You Can’t Be Serious - ‘The good life…’
You Can’t Be Serious – ‘The good life…’

I own a lot of stuff. Mrs Youcantbeserious owns a lot of stuff. We own a lot of stuff between us. We are talking here about household stuff – or at least stuff contained within the four walls of a house. Most of this stuff isn’t worth an awful lot of money. Our house is full of ‘stuff’.

I have a feeling that I touched on this topic sometime in the past. I never look back on old columns; ‘when it’s gone it’s gone’. Anyway, if I wrote about this conundrum sometime over the past fifteen years, you can take my word for it that the situation has steadily gotten worse – even if the intake of new stuff has slowed to a trickle.

We don’t bring home mementos of our foreign trips to hang on the wall anymore. I know we are no different to most other couples when it comes to acquiring stuff. When you are a young couple you bring home Spanish bulls, Eiffel Towers and Coliseums to remind yourself – and everybody else that you have been there.

But it isn’t only relics of foreign trips that fill every empty space on walls, shelves, presses and ‘cubby-holes.’ It’s mostly the stuff that was last year’s ‘thing’ – or more accurately, last decade’s ‘things.’

When a young couple get married or move in together, they acquire the stuff they need around the house. Everything they own has a use and gets used. Then over the years, as stuff becomes redundant or outdated, the old stuff is retired to a top or a bottom shelf, but definitely retained as it ‘might come in useful’ someday’.

We do try to give old stuff away in Casa Comaskey, but by the time we arrive at that decision, the stuff is so antiquated that the next generation just laughs politely and turns their eyes up to heaven. It’s still too good to dump, not everything is suitable for the charity shop – so what do you do, I ask? The attic – that’s the next move.

There is a large attic in our house and no matter what stuff gets to the stage that we don’t know what to do with it; ‘put it up in the attic’ is the answer. Talk about kicking the can down the road! Old computers, radios, Video recorders, heaters, books, suitcases and boxes of everything under the sun. You get the picture? The attic is nearly full ….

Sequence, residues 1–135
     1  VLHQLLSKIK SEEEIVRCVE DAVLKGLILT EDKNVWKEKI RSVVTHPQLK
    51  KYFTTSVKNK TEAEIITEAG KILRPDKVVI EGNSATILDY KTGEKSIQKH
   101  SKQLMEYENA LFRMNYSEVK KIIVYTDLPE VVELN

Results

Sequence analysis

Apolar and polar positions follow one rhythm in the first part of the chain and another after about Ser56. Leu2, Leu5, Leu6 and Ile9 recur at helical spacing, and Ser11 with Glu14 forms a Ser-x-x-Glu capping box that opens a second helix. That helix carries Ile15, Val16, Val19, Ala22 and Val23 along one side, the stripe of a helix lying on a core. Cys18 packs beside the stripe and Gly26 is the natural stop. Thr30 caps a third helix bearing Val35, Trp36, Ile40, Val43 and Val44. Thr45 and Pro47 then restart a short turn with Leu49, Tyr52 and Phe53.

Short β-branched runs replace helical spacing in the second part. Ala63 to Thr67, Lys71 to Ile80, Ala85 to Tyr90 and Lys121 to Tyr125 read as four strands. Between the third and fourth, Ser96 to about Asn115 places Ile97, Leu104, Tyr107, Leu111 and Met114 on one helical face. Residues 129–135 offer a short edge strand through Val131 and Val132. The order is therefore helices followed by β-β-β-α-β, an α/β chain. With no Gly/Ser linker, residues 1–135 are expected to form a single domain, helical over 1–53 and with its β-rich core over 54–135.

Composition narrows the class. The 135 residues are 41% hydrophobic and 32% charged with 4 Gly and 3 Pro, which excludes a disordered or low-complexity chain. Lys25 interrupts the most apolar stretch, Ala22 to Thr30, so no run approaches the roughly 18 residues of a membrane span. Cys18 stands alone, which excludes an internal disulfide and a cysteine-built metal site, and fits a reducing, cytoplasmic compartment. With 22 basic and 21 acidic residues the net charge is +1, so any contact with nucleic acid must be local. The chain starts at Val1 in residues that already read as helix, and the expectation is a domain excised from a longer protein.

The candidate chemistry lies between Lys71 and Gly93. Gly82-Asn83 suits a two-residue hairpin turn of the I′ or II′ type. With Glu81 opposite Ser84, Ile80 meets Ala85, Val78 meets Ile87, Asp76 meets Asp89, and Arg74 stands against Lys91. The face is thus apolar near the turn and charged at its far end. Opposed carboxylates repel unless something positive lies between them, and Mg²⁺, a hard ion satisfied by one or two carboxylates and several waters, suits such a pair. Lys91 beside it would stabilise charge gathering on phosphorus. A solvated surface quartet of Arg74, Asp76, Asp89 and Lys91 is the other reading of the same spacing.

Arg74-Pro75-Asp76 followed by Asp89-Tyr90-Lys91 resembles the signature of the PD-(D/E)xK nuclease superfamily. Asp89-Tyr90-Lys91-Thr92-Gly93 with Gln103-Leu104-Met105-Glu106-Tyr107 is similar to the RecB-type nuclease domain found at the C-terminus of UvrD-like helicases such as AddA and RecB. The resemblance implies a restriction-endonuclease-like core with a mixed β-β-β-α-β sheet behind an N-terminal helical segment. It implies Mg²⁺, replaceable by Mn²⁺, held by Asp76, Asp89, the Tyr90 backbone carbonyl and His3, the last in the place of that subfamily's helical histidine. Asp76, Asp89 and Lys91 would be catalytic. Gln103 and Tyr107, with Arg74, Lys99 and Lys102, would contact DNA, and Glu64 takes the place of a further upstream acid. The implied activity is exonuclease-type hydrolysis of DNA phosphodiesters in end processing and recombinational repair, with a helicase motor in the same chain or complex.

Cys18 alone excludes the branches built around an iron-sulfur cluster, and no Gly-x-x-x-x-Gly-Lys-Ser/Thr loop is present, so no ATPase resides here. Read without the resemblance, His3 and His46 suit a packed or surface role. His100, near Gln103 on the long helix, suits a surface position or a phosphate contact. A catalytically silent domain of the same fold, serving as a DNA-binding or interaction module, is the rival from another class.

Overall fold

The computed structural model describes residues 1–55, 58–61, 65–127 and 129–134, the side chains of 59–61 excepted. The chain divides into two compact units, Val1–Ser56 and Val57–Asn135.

I am writing this late at night, in longhand, sitting on a high stool at the island in the kitchen. As my eye focuses on all the stuff I can see by swivelling my stool, I start asking myself what would I really need to take with me if I was moving into an apartment. But all I can see is the stuff I couldn’t leave behind.

There is a plate with an inscription hanging on the wall. I bought that plate on our honeymoon, more than 51 years ago. It came with us every move we made since then and has hung on a fair few walls. The inscription reads; ‘MY HOUSE IS SMALL ﺳ NO MANSION FOR A MILLIONAIRE ﺳ BUT THERE IS ROOM FOR LOVE AND THERE IS ROOM FOR FRIENDS, THAT’S ALL I CARE. This house may be a bit bigger than the one with that first wall, but that message still means as much today as it did in 1971.

My gaze shifts to the top of the fitted presses. Spread along, just under the ceiling are at least thirty mugs: Mugs we have brought home from places all over the world and each one full of memories. There is the 1994 World Cup in America, Trips to Cuba, Las Vegas, Nashville, New Orleans and so on. What can you do with that sort of stuff other than hold onto it?  And this is only one room in the house ….

The walls of every room in the house are decorated with family photos covering more than three generations. What could anyone do with these but pack them in boxes – and then move the boxes from place to place until they finally fall into the hands of somebody who doesn’t care – and they get dumped.

Mrs Youcantbeserious is a collector of ornaments and pieces of art. Just look at the cabinets, shelves and dressing tables in this house. No, that stuff ain’t going anywhere just yet! My squash trophies had to take a hike to the attic a long time ago

Did I tell you what all the drawers are full of? Holy God, it would take a week to itemise it; and again, we are not talking about monetary value here.

Can we leave the garage and sheds until another time?

All I can say is may the Lord look down upon whoever has to come and clear out this house after our day!

Don’t Forget

It is what we value, not what we have, that makes us rich.